Device that let Greeks decode solar system
A "BEAUTIFUL and extraordinary" 2,000-year-old astronomical calculator invented by the Ancient Greeks has been reconstructed for the first time, showing they were able to predict eclipses of the Sun and Moon accurately.
The broken remnants of the dials and cogs that make up the Antikythera mechanism, which dates back to the second century BC, were found by divers exploring a wrecked ship in 1901, but no-one has previously managed to explain exactly what it was used for.
Now imaging techniques have been used to see through a crust of mineral deposits coating the bronze device, enabling researchers to recreate a model of what the machine would have looked like and how it worked.
The mechanism was able to track astronomical movements precisely, following the Sun through the Zodiac, predicting eclipses and even recreating the irregular orbit of the Moon. The findings - to be reported at a conference in Athens today and in the journal Nature - suggest it might also have predicted the positions of some or all of the planets.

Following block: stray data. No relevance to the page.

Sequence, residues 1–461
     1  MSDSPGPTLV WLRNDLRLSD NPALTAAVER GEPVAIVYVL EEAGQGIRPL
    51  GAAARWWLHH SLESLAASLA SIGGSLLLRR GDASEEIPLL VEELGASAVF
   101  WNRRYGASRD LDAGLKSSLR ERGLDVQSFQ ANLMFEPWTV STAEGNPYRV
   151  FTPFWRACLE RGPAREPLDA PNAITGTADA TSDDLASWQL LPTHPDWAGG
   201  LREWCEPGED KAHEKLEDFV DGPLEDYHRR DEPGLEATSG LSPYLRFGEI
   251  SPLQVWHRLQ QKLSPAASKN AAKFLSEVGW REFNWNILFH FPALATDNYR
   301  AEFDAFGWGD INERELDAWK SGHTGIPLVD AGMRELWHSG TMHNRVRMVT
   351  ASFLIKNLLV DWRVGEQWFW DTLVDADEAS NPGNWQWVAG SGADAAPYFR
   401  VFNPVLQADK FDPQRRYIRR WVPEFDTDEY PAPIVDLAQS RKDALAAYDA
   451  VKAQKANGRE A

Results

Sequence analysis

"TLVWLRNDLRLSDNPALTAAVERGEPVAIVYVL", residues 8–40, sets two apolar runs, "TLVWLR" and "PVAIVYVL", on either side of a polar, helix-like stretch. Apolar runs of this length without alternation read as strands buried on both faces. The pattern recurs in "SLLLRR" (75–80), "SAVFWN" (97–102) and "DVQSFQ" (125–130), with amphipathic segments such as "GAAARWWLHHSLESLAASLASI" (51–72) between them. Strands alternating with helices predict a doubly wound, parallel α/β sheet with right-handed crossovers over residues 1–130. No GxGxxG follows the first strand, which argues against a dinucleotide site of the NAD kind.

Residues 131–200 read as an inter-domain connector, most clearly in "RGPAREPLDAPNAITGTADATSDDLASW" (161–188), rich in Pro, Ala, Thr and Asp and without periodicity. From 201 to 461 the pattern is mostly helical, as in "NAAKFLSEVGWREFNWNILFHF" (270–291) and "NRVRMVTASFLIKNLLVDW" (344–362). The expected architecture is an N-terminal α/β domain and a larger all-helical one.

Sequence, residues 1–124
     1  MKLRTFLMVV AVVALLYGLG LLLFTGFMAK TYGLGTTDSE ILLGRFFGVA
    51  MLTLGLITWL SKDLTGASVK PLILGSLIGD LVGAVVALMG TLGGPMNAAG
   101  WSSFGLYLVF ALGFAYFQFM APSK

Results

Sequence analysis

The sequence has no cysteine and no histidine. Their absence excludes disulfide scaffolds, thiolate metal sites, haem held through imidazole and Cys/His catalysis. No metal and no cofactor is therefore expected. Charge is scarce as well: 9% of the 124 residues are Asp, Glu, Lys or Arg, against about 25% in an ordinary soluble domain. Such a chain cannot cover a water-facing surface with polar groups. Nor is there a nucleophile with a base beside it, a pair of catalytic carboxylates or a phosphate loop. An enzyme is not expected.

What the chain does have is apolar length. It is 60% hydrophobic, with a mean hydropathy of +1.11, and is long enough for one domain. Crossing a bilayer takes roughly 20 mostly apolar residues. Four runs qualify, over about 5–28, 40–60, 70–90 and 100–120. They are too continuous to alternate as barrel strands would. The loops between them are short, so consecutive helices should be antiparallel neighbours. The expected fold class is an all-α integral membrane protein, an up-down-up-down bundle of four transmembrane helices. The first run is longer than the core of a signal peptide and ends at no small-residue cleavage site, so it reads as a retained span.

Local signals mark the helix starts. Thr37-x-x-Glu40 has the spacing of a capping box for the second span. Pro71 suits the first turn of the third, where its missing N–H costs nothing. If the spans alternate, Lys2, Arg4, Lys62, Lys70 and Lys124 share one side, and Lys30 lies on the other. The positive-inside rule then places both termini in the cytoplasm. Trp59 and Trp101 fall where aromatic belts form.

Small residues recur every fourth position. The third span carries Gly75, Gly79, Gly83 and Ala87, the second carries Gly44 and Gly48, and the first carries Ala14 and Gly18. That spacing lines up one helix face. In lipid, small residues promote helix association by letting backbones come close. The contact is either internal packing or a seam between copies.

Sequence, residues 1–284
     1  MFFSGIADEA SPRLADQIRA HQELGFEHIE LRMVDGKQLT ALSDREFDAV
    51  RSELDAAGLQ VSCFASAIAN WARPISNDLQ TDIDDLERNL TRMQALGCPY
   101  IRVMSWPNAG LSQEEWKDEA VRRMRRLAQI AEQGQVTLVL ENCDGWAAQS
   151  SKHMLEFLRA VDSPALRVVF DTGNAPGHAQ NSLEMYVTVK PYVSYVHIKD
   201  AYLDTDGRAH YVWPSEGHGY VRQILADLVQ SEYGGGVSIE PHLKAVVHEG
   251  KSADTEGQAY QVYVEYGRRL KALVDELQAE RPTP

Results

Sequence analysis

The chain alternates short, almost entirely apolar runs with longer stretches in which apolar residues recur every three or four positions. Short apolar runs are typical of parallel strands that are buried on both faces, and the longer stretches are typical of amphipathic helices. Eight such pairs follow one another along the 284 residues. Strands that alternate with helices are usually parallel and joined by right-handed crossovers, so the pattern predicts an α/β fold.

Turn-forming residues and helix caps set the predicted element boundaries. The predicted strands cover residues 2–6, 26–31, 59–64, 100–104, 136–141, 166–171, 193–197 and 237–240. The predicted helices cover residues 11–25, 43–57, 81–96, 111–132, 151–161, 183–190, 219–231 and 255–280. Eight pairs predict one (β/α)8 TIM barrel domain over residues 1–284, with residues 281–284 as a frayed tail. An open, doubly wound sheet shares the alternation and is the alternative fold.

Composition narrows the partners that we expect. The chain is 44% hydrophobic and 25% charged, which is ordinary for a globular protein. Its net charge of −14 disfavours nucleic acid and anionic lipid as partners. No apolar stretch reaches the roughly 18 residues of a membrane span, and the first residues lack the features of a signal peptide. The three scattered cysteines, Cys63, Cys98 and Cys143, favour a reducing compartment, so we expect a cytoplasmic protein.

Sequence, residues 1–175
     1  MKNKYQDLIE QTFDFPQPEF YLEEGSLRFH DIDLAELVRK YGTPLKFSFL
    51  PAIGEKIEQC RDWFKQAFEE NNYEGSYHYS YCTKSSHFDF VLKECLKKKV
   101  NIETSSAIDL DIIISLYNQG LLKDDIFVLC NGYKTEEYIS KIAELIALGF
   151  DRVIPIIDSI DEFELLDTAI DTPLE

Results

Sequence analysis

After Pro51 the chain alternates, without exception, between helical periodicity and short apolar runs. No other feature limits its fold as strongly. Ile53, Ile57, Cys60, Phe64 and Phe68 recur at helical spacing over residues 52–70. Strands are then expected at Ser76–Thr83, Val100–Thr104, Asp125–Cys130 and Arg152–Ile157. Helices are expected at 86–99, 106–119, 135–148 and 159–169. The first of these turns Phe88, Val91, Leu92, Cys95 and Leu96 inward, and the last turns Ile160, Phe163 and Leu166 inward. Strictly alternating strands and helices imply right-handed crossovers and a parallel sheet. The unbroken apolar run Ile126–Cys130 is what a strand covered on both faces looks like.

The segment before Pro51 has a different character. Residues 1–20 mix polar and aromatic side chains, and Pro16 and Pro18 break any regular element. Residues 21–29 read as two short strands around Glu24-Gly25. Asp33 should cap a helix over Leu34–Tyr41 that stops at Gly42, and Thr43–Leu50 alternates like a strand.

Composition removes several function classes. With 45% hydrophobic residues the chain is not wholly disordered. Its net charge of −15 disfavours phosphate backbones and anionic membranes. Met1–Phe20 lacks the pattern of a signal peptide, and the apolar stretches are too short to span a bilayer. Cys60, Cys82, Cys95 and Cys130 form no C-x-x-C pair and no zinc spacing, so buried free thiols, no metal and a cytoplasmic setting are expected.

Professor Michael Edmunds, of Cardiff University, who led the study, said the team's research showed that Greek civilisation was far more advanced than once thought. "This device is just extraordinary, the only thing of its kind," he said.
"The design is beautiful, the astronomy is exactly right. The way the mechanics are designed just makes your jaw drop. Whoever has done this has done it extremely well.
"It does raise the question: What else were they [the Greeks] making at the time? In terms of historic and scarcity value, I have to regard this mechanism as being more valuable than the Mona Lisa."
Prof Edmunds said that the machine appeared to be based on a solar system with the Earth at its centre, but may have been designed with the idea that Mercury and Venus revolved round the Sun.
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